The PET bottle-to-bottle recycling company based in Bad Salzuflen, North Rhine-Westphalia, is now operating 9 SSP (Solid State Polycondensation) reactors from Starlinger recycling technology. BTB has been using the food-grade technology developed by the Austrian specialist for plastics recycling since 2007.
Each year, BTB processes approximately 20,000 tons of PET input material from the German bottle return system on a Starlinger recoSTAR PET 165 iV+ recycling line installed prior to the SSP reactors. Andrzej Zajontz, one of BTB’s General Managers and in charge of all technical matters, explains why this is not as easy as it used to be: “Unfortunately, the beverage containers collected through the German container deposit system are not as well separated as before – in the reverse vending machines both clear and coloured bottles are collected together, and that is how they are delivered. In addition, the input material contains other plastics as well as aluminium and tinplates. This creates a lot of extra work for us in pre-sorting as we use only clear PET bottles for our bottle-to-bottle process. Due to this, our most recent investments went – besides into said Starlinger machines – into improved sorting technology. We separate the input material at the beginning of the treatment process and then sort the PET flakes again before extrusion to achieve best pellet quality.” In 2018 BTB received another positive EFSA Opinion on the “Direct iV+” process for producing food-grade recycled PET. With this process the company was able to increase its production output and operates even more efficiently and with higher energy savings.
Not only regarding product quality, but also in terms of circular economy the German PET recycler acts as a role model: BTB caters to regular customers who use the recycled PET for producing beverage bottles which are filled, sold and after usage collected in the region. From this input material BTB then again produces PET regranulate – a perfect example for the sustainability of a regional closed packaging loop.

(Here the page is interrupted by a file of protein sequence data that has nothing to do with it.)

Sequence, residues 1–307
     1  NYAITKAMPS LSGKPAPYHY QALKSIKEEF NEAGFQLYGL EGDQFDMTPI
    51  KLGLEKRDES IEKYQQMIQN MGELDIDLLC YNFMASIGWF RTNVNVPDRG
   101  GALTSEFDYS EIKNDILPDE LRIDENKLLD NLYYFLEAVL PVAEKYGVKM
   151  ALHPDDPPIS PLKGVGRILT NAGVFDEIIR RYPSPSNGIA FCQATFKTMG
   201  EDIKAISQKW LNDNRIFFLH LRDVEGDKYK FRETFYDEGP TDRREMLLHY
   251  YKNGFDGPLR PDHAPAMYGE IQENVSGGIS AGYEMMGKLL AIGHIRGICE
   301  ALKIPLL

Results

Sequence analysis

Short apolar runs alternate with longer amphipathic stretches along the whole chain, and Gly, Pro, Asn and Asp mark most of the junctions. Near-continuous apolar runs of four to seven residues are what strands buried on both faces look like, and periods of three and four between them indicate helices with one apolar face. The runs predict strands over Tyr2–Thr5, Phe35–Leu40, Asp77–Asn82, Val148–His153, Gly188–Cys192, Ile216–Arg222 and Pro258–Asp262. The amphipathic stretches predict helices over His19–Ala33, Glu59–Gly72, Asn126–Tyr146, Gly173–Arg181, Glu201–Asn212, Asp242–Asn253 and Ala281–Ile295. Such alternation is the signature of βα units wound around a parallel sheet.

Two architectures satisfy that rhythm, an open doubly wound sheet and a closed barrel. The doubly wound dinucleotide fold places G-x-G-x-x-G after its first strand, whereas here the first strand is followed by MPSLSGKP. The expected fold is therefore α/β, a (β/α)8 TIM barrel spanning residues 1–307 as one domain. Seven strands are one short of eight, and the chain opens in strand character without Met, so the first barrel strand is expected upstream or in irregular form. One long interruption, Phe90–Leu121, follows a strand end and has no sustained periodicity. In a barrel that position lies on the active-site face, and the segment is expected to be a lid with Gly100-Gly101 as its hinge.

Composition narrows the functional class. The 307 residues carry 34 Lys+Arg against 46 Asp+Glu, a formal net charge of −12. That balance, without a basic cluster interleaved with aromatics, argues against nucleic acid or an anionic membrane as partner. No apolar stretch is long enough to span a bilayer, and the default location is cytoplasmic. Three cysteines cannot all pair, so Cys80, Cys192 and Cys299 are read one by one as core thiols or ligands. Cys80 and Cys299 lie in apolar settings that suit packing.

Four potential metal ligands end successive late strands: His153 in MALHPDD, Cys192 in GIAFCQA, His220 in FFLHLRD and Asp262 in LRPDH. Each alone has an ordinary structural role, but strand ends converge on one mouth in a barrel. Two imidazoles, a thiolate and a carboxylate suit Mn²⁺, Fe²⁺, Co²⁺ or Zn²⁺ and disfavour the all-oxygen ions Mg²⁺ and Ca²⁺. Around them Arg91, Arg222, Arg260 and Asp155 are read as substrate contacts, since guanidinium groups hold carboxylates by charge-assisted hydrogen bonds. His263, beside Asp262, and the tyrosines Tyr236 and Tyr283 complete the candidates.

Andrzej Zajontz is very positive about the cooperation with Starlinger: “Their service is always top-notch – quick and uncomplicated, and one clearly sees that they have years of experience. This was also the main reason why back in 2007 we decided to invest in Starlinger lines.” BTB also regularly uses the possibility to preview technical innovations in the Starlinger showroom. “Only when you see the process, see the machine in operation you can decide if the investment makes sense for your company”, says Zajontz.
BTB is also a reference customer for Starlinger recycling technology. By request through Starlinger the doors in Bad Salzuflen are open to companies interested in the bottle-to-bottle recycling process.Corona pushes the topic of sustainability aside
When asked how the COVID-19 crisis affected the business activities of BTB, Andrzej Zajontz replies: “Many of our customers produce food packaging and have been classified as essential businesses. Thus, we are operating also during the lockdown – of course under strict observation of the existent safety and hygienic measures. We could implement them well due to the manageable staff size of around 40 employees who also have a high level of self-responsibility, and by means of shift operation.”
However, BTB currently faces the same problems like many other companies in the plastics recycling sector. “The low oil price is making things difficult for us – it impedes the sale of recycled materials” describes Andrzej Zajontz the situation. “For plastics recyclers it is very hard to find new customers at the moment. At least we can rely on our existing ones.” The topics of sustainability and circular economy have been pushed aside by COVID-19 and its effects on economy and society – be it in the media or in the political discourse. “The Greta Thunberg-effect has weakened,” says Andrzej Zajontz regretfully. BTB owner and General Manager Richard Wüllner thinks the same. ”What we need is a sustainable and comprehensive concept for the production, recycling and disposal of plastics”, he adds in a concluding note.www.starlinger.com/
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